Insomnia and anxiety are already typical symptoms of menopause. As one can imagine, caffeine tends to bring out these feelings, even with non-menopausal athletes. Caffeine blocks the function of adenosine. Adenosine is a neurochemical that makes you feel sleepy. Again, not that you would need to give up caffeine, but if you’re a 4 cup coffee drinker, it could be helpful to cut back to even just 3 cups. It can also be helpful to simply consider what time of day you’re consuming caffeine. It can take several hours for your body to fully metabolize caffeine. Fifty percent of individuals metabolize caffeine quite slowly– meaning it sticks around longer in that person’s system. I encourage you to play around with your caffeine consumption time. It may just be your limiting factor.
Soda, juices, and flavored coffees may be yummy, but they can be full of less nutrient-dense calories and loads of sugar. Not a problem for those special occasions, but can be another limiting factor for trying to feel your best climbing during menopause. These types of drinks can cause major blood sugar swings, leading to a decrease in energy levels and an increase in disturbed sleep. Consuming these beverages regularly can also make it difficult if one of your menopause goals is to maintain or lose weight.
Some women struggle with the effects of alcohol more than others, but here are a few things to consider when thinking about how and when you’re drinking. First of all, alcohol has been shown to worsen hot flashes in menopausal women because it works against vasomotor regulation. Regular hot flashes can affect our mood and sleep patterns. Alcohol has also been shown to slow muscle recovery post exercise. As we age, it already becomes harder to recover from activity. If you’re finding it especially hard during this season of life, consider how your alcohol intake could be interfering with your climbing recovery.
If only you could sleep in the fridge, right? Night sweats are one of the most common reasons for sleep loss during menopause. We’ve already talked a little bit about how certain things could be hindering you from a good night's sleep, but what else can you do to sleep better?
At some point, after back-to-back nights of restless sleep, you wonder if you will ever sleep normally again. These thoughts can be mentally taxing and could even be keeping you from getting good rest. When you are anxious about being able to sleep, that can cause you to stay up longer. This is a vicious cycle. These thoughts usually go something like, “I’ll never be able to sleep again.” “I’m going to get nothing done at work tomorrow.” Instead, try reframing those thoughts into, “I may not sleep well tonight, but it won’t be like this forever.” “I may not be my best self today, but perhaps getting a climbing session in will help me feel better.” Our thoughts and how we speak about ourselves carry a surprising amount of weight.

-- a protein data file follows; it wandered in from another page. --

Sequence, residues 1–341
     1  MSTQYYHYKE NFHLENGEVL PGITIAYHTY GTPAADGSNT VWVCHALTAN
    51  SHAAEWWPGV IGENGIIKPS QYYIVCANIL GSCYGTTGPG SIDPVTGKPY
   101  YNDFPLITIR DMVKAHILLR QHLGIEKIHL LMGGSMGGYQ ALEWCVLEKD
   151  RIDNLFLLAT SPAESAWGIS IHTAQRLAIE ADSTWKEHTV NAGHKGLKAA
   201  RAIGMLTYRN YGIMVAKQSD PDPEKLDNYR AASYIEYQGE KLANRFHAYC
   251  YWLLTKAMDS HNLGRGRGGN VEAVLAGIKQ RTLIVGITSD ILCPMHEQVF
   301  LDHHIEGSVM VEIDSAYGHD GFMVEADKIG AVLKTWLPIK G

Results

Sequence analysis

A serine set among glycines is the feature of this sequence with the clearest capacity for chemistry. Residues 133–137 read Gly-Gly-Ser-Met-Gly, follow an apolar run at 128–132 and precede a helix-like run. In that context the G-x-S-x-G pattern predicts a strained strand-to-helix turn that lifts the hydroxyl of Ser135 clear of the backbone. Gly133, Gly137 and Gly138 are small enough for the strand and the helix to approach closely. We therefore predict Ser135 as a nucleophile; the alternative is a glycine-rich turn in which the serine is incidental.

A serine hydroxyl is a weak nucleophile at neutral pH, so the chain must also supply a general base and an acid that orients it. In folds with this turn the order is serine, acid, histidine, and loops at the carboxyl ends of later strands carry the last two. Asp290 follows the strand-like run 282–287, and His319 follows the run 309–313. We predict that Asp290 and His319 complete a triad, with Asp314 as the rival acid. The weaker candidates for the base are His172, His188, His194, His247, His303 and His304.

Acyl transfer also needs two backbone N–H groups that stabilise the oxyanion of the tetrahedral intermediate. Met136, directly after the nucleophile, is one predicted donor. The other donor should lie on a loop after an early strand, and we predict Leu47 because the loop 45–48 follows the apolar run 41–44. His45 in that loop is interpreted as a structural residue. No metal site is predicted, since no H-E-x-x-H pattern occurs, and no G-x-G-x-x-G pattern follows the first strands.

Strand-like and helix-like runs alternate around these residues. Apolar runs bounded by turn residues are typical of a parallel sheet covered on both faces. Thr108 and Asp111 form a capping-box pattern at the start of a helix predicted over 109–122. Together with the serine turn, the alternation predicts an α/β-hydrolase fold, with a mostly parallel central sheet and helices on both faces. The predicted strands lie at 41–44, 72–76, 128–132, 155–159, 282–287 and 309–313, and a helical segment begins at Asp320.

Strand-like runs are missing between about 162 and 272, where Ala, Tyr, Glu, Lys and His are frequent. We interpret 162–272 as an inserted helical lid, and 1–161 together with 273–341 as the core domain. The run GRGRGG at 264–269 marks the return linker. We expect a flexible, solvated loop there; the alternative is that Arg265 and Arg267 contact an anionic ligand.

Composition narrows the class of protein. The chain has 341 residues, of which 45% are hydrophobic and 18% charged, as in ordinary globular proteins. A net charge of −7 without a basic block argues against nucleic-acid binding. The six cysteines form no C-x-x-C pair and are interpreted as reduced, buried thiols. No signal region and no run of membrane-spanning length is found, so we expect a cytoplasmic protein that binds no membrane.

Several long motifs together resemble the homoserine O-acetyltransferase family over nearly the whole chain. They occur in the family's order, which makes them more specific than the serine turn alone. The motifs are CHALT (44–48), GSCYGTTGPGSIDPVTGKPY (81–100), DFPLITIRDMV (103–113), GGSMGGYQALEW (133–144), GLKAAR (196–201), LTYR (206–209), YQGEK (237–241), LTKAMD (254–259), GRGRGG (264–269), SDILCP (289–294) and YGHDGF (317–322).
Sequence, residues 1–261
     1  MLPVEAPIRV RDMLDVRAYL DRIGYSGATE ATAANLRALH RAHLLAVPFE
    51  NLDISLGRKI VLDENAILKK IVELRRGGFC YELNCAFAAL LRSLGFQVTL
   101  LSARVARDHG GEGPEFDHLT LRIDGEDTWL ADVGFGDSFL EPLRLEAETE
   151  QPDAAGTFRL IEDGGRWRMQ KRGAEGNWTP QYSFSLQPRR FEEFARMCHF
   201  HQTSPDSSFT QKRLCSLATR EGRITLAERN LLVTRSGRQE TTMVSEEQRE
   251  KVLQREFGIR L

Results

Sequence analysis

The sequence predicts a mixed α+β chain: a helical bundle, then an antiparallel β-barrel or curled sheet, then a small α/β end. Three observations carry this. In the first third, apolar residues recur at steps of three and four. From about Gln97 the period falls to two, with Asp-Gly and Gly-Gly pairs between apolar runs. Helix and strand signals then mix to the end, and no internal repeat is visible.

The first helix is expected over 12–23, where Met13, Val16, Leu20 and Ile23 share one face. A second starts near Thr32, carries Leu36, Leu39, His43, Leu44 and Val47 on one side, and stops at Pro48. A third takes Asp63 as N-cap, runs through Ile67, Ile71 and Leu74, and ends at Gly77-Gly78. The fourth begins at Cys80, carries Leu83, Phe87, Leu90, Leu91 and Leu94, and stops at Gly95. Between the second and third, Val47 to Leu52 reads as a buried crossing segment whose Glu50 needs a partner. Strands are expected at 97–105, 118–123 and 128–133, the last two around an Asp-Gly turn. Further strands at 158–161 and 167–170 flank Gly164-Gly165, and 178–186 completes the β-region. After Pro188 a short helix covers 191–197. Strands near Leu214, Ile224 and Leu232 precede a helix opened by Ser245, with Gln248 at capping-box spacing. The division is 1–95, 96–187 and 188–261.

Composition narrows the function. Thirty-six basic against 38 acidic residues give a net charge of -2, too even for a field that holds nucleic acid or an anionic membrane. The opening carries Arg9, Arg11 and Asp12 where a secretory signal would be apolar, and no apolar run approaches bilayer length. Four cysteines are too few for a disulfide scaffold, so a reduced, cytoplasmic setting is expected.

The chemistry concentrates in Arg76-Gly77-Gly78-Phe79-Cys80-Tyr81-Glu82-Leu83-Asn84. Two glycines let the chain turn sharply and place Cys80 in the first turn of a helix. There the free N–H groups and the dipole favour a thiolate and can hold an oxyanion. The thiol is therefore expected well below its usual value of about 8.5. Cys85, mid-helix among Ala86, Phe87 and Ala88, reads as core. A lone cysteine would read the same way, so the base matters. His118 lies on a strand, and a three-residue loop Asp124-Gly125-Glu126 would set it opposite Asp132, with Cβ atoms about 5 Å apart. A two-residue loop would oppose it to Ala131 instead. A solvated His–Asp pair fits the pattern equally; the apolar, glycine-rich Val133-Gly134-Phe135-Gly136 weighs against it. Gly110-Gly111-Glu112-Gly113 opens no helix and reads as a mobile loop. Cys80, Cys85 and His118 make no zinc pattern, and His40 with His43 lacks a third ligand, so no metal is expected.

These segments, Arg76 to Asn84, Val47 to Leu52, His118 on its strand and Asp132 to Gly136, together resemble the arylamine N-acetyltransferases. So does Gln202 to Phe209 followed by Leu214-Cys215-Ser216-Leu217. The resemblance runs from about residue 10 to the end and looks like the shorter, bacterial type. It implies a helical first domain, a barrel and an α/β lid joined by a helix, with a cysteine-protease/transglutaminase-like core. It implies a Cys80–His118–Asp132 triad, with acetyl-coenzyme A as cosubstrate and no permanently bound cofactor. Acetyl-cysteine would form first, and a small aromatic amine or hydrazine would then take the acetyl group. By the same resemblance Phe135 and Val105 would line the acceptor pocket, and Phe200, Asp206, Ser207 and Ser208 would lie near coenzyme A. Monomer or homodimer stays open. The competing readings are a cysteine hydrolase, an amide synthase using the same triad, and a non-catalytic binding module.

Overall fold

Eating Slowly and Mindfully
Chasing kids, keeping up at work, and sticking to a training plan can be tough on time. We’re sometimes lucky if we can actually sit down for a meal. Some of you may not even be thinking about how fast you’re eating. Eating slowly and mindfully, however, is one of the most underrated nutrition tips. Eating slowly has been shown to lead to better digestion, easier weight management, and greater meal satisfaction. Here are a few ways to eat more slowly:
- Put your utensil down between bites
- Find the slowest eater around you and pace with them
- Take 20-30 minutes to eat each meal
- Sit down to eat in a calm, non-distracting environment
- Use smaller plates
This takes a lot of practice. Try out a few of these methods and see if one of them works for you.
It can be challenging to recognize or remember what is causing our symptoms to increase or how they are making us feel exactly. Journaling can be helpful for this. When we write down and record what we did and how it affected us, we are less likely to repeat the cycle. For example, if you have a cup of coffee at 3:00pm and then have trouble sleeping that night, you may be able to piece that together as a cause by writing it down. It may be the same with certain foods or environmental factors. A food/feelings journal can, over time, help you to connect various menopausal symptom triggers.
Eating plenty of fruits and vegetables, staying hydrated, getting sleep, eating slowly, and keeping a food/feelings journal can all be helpful practices for you during your menopause journey. While climbing and performance may become harder during this stage, it doesn’t have to be the end of training. Hopefully as you go, you’ll be able to learn more about your body and be able to embrace the change while still pushing to be your best self. Creating new habits and making small changes can go a long way in your nutrition and performance.
Norman, R. J., Flight, I. H., Rees, M. C. (2000). Oestrogen and progestogen hormone replacement therapy for peri-menopausal and post-menopausal women: weight and body fat distribution. Cochrane Database Syst Rev., (2), DOI: 10.1002/14651858.CD001018
ABOUT TAYLOR CARR
Taylor has a dual Masters in Sports Nutrition and Strength and Conditioning. She also holds a certification through Precision Nutrition and is a certified Sports Nutritionist through the International Society of Sports Nutrition (ISSN). Taylor got her climbing start on the beautiful granite of North Carolina. She has since moved to Lander, WY with her husband to be a nutrition and strength coach at Elemental Performance + Fitness.
Taylor works with athletes of all backgrounds to educate and instruct proper food fueling and nutrient timing. Taylor believes that with a functional nutrition plan, every athlete is able to better reach their unique climbing, fitness, and lifestyle goals. She is also passionate about helping individuals heal their relationship with food. Taylor offers one time consultations, monthly custom plans, and long-term coaching.